Attempts to reform retirement savings and healthcare in the first decade of the third millennium also exposed the weaknesses of the market or government failure paradigm.  Debates over Social Security reform went little beyond “government good, market bad” from the Left and “government bad, market good” from the Right.  Both sides were only half right—governments are good and bad, as are markets—so little headway was made on reform before more urgent issues distracted both policymakers and the public.  Two significant healthcare reforms were implemented in the last ten years, Medicare Part D under Bush and the Patient Protection and Affordable Care Act under Obama, but neither will stop the upward cost spiral at the heart of the healthcare crisis because neither addresses its complex core causes.

In both instances—Social Security and healthcare reform—the range of alternative policies under consideration was extremely limited because hardly anyone knew how people saved for retirement or paid for their healthcare before the Great Depression and World War II.  Many very sensible institutions, traditions, and policies fell into disuse due to the tremendous economic stresses created by those unprecedented events.  Unfortunately, most were scrapped instead of being revived when more stable economic conditions returned after the war.  To this day, we’re paying a dear price for decisions made under duress during the Depression and World War II.

Any researcher whose head is not filled with partisan rage can identify hybrid failures.  It’s not rocket science.  Historians should prove particularly adept at spotting and explicating hybrid failures and how they evolved over time because, well, tracking complexity over time is what we do.  We are also comparatively good at presenting them to a non-specialist audience, like legislators and their staffs, because we tend to communicate well in writing by eschewing jargon, narrating stories, and tolerating complexity and nuance.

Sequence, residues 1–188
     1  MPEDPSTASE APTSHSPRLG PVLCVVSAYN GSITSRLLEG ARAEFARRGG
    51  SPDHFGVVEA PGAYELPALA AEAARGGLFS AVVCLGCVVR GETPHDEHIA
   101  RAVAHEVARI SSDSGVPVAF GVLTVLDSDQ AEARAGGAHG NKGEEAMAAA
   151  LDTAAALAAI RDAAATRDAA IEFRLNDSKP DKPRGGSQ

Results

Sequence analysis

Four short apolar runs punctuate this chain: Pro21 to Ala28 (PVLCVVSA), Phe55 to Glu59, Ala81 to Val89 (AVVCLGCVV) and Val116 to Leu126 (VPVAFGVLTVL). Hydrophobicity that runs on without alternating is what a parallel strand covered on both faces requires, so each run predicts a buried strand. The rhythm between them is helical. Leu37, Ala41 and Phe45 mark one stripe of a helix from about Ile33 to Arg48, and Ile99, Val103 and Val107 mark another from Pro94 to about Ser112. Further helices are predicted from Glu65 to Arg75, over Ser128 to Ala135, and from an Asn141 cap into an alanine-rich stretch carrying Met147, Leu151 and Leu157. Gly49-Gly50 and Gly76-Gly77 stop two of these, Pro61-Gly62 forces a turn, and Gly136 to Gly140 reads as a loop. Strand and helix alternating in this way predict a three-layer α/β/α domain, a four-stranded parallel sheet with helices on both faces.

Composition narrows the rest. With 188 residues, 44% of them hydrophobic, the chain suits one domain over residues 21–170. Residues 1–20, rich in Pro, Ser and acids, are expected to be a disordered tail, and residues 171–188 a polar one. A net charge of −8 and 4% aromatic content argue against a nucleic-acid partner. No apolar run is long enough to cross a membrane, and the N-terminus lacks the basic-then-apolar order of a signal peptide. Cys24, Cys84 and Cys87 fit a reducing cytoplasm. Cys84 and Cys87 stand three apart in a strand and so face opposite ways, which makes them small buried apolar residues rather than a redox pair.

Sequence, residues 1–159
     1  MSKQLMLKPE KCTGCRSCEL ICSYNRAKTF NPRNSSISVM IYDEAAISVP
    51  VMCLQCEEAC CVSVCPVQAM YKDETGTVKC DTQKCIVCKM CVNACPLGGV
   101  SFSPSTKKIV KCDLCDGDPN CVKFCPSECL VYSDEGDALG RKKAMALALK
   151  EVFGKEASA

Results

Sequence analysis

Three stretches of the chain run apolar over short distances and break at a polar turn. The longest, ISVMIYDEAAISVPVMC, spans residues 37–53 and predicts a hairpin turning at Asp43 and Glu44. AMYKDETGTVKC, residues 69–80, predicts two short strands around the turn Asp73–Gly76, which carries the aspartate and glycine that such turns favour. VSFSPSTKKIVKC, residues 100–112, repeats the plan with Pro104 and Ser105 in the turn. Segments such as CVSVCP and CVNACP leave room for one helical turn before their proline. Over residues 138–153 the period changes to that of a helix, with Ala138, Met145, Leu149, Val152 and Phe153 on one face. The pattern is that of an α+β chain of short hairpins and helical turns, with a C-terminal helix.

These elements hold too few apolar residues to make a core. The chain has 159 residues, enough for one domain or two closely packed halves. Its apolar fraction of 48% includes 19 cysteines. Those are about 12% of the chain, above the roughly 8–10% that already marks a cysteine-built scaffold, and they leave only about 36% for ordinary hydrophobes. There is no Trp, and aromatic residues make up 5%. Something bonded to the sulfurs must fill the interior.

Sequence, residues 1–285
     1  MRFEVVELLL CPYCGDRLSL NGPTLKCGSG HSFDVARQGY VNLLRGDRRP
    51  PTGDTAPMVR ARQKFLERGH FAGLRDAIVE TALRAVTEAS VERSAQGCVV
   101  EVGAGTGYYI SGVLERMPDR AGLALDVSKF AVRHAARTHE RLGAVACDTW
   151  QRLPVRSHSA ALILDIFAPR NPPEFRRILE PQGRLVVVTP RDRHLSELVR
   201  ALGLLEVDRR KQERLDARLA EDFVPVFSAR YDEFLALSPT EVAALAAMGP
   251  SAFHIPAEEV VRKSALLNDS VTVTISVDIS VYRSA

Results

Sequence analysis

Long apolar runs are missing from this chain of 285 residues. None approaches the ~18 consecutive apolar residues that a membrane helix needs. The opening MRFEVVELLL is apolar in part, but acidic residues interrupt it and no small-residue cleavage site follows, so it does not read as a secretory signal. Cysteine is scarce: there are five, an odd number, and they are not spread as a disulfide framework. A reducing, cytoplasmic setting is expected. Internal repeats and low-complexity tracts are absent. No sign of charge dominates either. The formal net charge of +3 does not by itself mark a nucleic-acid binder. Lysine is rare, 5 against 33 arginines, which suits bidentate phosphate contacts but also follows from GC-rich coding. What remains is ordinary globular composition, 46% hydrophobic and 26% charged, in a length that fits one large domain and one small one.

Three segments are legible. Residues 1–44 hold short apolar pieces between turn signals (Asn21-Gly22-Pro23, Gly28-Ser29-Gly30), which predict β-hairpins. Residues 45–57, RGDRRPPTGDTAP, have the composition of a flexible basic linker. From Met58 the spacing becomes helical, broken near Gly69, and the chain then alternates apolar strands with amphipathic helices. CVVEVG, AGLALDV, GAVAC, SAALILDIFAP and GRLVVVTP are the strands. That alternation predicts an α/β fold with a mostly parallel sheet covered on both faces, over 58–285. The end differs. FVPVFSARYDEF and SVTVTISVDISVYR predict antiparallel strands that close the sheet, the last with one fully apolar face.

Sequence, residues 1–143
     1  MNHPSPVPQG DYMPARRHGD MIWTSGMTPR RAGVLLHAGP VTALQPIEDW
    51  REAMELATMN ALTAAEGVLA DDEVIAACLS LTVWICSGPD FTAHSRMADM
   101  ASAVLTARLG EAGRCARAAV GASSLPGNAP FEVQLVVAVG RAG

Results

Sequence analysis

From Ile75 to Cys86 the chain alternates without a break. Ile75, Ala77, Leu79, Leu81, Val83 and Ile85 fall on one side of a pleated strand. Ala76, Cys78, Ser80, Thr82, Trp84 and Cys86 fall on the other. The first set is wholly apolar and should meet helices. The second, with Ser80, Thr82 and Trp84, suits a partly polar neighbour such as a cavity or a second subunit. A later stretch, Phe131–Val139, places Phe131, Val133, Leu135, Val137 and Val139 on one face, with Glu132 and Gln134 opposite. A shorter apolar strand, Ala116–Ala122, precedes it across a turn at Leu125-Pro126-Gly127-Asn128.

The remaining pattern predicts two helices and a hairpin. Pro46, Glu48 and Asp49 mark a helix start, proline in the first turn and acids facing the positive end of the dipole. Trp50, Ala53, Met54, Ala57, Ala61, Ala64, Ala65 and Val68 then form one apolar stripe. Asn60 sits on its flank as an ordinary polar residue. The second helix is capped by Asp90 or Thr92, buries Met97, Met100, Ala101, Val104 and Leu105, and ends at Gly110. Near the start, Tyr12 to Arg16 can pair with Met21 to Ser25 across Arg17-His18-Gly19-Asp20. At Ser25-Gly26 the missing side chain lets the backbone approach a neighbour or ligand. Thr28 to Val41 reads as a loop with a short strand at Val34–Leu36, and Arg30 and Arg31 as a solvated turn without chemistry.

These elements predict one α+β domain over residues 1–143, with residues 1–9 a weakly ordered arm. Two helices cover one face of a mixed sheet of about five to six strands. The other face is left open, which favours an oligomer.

The biggest obstacle to the development of a loving relationship between policymakers and historians is more temperamental than technical.  For some decades now, most historians have focused intensively on matters of culture and the meanings of words.  Historians of construction, engineering, insurance, investment, mortgages, and other crucial aspects of modern society are therefore few and literally far between, scattered across a potpourri of departments (e.g., economics, government, sociology) and professional schools (e.g., business, education, engineering, law, medical, policy).  Top history journals remain inhospitable places for the purveyors of many technical subfields. Specialists are rallying spontaneously:  historians of public policy now have a journal and biennial meetings and insurance historians have held three ad hoc meetings in Europe since 2008.  Without greater support from the mainstream history establishment, however, their efforts may prove too few and too feeble to get policymakers to begin asking, as a matter of course:  which historians can best help us to understand this crisis or that chronic problem?  Policymakers may continue to jilt historians anyway but Clio should make a concerted attempt to seduce them, for everyone’s sake.